Meanwhile, Google Plus, a completely different script, has Business pages that also integrates with Google Maps. Google Plus pages is much more robust and allows for multi-account administration, no verification and more, so it’s easy to see that this is the direction that Google seems to be taking. However, the transition between these two still-very-different interfaces is a pain.

 

So what’s next for Google? Are they phasing out more products, or looking to restructure? All I can say is, if Google continues to annoy more people with their policies, people will gradually opt out of Google until there’s not much left.

People say that accusing people or places of being evil is the direct result of ignorance. With Google, I will admit that I like many other SEO’s are ignorant/unaware of what thinking is going on in Google’s GooglePlex. Somehow I believe that even Google doesn’t know what it’s thinking! It’s grown so large and confusing that finding it’s own brain would involve a treasure hunt.

Google Adwords Client Accounts Are Down Today???

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Since this morning we discovered that Google Adwords’ user interface was down and has not gone back up yet. This is very surprising considering Google’s relatively optimal uptime.

This is not like Google. Hopefully Adwords will be up shortly.

***UPDATE***

For some reason, Adwords will only work when you restart your computer.

The tweet: “@rafihecht I reset my computer and it works just fine now.”

I restarted my machine just now and it works well! Kudos to Shauna Mazkenzie on Twitter (@MsShaunaMack) for that info!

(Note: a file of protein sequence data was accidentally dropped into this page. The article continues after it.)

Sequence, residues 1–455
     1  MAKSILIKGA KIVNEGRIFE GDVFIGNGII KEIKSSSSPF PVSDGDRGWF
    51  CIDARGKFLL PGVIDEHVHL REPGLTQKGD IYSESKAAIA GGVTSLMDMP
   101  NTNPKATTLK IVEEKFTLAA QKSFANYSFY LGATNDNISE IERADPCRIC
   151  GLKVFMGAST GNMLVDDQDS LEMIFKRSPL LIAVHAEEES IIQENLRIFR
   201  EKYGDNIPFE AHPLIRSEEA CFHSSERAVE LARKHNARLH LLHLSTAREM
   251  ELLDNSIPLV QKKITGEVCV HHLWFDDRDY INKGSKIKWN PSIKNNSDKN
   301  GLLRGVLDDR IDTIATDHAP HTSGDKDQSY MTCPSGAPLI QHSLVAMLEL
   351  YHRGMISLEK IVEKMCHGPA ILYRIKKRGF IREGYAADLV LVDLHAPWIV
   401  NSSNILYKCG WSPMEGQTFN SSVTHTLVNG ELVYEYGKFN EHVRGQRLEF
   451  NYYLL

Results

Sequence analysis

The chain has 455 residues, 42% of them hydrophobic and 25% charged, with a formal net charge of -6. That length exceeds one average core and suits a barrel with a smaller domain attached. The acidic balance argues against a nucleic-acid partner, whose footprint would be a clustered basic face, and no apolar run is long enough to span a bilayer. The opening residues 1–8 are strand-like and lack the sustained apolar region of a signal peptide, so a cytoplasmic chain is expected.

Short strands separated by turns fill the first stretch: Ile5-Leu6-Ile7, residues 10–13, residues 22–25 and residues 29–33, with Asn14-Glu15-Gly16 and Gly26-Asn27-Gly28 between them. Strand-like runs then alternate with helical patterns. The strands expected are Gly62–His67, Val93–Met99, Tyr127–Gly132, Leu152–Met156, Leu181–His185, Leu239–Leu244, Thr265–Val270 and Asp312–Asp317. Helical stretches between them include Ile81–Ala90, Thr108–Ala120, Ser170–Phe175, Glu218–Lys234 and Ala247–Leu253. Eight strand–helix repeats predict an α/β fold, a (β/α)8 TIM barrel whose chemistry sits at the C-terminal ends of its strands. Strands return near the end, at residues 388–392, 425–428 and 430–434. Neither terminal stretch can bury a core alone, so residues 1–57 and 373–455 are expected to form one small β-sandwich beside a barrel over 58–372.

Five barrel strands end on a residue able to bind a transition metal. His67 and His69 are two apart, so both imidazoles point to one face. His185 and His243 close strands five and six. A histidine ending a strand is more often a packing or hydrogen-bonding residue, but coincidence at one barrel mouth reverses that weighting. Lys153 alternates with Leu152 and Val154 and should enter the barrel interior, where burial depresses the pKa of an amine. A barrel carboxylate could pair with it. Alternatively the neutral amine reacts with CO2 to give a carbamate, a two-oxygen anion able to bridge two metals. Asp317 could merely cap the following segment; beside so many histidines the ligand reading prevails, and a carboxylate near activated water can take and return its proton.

***END UPDATE***

 

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Adwords Chat Availability

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The following was adapted from a post in the Adwords Help section:

You can locate the chat icon by visiting the main help section https://adwords.google.com/support/aw/ and scrolling to the bottom of the page. Click on the link “Contacting Us”. Then, you’ll find more links. Click as deeply as you can, i.e. the link for “Billing and Cost Control” > “Settings, Budgets, and Bids” > “Daily Budget” (until there are no more pop-down links as options become more detailed). Only then will you see in the bottom right corner, “Have additional questions?” and it will give you these options:

– Visit the AdWords Discussion Group
– Email AdWords Support
– Chat with an AdWords Specialist

Note that this doesn’t work ALL the time – sometimes a chat support specialist isn’t available at the current time. Just try later on in the day.